Clinical and experimental work indicate that a variety of factors contribute to radicular pain mechanisms, including mechanical injury. While it has been qualitatively suggested that the magnitude of nerve root mechanical injury affects the nature of the pain response, no study has quantified the local in vivo injury biomechanics in these models. Therefore, it was the purpose of this study to develop and implement an in vivo method to quantify compressive nerve root injury strain severity and characterize its effect on the resulting responses in an existing lumbar radiculopathy rat model. Male Holtzman rats were divided into a sham group with only nerve root exposure or a ligation group with the nerve root tightly ligated using silk suture. Using image analysis, nerve root radial strains were calculated at the time of injury for two surgeons. Mechanical allodynia was continuously assessed throughout the study and spinal cord cytokine mRNA levels were assayed on postoperative day 7. The degree of intersurgeon variability for imposing a ligation injury in this model was also assessed. Mean compressive injury strains in the nerve root were 32.8 ± 14.2% and were not different for the two experimenters. Animals undergoing more severe ligation strains exhibited significantly heightened allodynia following injury and greater upregulation of the inflammatory cytokines IL-lαβ, IL-6, and IL-10. Results indicate a direct correlation of local nerve root injury severity with the ensuing physiologic responses associated with nociception.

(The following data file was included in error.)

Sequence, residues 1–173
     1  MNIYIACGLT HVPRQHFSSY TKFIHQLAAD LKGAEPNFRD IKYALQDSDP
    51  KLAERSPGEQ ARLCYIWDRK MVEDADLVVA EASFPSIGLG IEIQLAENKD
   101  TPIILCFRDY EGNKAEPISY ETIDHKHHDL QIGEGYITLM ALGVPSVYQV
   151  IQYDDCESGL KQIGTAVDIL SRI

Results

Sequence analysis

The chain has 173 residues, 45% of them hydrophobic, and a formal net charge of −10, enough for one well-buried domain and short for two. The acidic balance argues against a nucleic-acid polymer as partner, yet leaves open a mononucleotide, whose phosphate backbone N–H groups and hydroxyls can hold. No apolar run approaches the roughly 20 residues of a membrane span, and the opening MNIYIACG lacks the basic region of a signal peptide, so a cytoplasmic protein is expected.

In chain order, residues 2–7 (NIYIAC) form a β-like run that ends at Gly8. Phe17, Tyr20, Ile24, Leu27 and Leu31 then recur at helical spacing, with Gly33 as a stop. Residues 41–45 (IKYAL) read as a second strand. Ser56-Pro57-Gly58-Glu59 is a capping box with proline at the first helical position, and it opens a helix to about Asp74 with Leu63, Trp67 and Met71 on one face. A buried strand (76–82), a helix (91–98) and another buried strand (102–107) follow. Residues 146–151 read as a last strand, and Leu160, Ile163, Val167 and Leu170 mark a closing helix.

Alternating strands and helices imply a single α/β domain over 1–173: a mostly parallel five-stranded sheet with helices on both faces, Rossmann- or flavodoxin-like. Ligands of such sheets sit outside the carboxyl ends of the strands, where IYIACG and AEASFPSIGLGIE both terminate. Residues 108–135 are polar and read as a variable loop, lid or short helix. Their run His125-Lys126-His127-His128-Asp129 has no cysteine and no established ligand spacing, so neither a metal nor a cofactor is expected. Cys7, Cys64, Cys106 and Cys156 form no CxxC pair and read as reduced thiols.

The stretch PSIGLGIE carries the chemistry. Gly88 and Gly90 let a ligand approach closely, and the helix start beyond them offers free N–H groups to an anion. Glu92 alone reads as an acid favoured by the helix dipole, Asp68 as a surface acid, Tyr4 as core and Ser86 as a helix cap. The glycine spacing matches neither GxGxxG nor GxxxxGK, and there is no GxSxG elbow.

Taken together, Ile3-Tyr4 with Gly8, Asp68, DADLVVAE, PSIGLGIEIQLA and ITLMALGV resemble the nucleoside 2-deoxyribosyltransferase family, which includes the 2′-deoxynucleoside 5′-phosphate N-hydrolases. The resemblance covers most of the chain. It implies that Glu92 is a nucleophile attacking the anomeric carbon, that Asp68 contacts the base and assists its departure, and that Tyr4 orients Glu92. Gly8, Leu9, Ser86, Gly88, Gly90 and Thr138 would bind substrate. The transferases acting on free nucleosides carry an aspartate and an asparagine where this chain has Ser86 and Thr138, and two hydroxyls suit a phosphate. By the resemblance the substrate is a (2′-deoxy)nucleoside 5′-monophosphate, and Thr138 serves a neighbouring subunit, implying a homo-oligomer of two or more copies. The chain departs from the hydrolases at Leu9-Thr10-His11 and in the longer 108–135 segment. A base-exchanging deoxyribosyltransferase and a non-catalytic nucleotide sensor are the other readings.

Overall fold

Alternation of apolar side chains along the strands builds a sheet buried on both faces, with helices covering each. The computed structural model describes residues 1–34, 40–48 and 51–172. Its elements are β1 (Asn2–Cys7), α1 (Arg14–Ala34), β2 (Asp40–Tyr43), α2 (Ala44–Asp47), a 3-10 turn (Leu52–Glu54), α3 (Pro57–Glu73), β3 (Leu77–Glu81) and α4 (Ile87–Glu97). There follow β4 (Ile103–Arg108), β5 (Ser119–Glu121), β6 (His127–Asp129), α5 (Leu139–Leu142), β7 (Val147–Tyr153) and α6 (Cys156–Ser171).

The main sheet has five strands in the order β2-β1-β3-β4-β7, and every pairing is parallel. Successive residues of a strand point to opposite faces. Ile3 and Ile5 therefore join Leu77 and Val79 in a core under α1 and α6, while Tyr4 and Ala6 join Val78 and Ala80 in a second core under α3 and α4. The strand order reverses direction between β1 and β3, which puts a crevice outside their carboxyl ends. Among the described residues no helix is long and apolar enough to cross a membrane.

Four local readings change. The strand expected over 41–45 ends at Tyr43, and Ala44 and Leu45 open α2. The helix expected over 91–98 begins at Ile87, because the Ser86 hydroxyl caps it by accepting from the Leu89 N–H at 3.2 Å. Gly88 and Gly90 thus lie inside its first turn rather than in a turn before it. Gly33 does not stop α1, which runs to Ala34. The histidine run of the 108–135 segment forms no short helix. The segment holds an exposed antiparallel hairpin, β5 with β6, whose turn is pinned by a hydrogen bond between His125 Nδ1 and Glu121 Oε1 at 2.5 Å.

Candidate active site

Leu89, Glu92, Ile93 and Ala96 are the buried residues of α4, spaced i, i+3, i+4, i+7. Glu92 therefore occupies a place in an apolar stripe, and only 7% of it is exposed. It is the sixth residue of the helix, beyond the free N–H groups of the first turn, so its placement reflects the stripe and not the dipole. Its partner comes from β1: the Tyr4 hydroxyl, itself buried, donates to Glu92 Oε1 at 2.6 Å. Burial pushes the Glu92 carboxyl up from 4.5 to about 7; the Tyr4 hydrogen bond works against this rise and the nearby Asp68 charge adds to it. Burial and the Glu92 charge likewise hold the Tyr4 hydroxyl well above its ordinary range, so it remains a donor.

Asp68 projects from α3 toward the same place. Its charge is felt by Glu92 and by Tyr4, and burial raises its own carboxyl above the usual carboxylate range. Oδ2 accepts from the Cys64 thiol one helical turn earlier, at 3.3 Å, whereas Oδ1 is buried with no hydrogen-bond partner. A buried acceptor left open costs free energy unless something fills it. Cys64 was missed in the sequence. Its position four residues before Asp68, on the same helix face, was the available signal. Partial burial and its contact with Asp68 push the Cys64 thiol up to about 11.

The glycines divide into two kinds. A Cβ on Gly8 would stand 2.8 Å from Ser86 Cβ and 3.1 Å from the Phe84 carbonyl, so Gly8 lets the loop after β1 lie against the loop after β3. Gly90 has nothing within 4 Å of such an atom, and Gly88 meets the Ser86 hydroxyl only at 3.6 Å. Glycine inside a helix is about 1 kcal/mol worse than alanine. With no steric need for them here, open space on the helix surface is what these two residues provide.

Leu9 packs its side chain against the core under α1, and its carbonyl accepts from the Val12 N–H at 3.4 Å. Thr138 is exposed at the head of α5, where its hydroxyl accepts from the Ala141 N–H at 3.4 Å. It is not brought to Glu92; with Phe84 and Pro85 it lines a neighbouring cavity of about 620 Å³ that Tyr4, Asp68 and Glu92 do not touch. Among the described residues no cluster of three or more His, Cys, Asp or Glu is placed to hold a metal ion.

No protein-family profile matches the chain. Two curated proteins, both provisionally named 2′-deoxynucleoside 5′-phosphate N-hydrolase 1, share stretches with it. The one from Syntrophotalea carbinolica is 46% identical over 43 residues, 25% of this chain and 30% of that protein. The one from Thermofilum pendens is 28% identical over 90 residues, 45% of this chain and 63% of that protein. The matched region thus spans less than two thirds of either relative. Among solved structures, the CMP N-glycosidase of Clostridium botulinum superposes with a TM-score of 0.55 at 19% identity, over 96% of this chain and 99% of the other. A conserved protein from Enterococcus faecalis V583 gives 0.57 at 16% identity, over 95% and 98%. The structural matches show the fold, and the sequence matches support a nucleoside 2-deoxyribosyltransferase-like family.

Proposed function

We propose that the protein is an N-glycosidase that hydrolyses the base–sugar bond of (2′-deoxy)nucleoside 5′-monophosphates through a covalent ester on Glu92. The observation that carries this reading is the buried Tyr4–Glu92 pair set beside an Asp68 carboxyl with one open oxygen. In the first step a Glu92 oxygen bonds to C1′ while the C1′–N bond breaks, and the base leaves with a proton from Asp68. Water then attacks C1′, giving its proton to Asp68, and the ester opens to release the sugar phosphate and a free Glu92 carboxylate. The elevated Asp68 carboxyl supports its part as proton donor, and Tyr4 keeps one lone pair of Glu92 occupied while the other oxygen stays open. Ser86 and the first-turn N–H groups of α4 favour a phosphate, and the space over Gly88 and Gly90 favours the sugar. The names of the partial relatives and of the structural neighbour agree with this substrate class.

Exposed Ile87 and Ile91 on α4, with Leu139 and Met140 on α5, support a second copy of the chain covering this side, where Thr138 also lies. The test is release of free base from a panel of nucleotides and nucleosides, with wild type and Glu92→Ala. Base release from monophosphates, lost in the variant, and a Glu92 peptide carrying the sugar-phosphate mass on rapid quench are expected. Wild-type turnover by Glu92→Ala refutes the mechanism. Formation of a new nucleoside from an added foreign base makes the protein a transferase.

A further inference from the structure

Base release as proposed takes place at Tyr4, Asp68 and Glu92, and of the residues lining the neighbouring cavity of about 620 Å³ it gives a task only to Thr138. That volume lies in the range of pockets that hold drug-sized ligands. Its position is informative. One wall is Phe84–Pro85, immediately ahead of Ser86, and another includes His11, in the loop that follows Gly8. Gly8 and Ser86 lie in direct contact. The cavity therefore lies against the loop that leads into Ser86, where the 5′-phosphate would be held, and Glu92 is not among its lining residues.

- Nerve root
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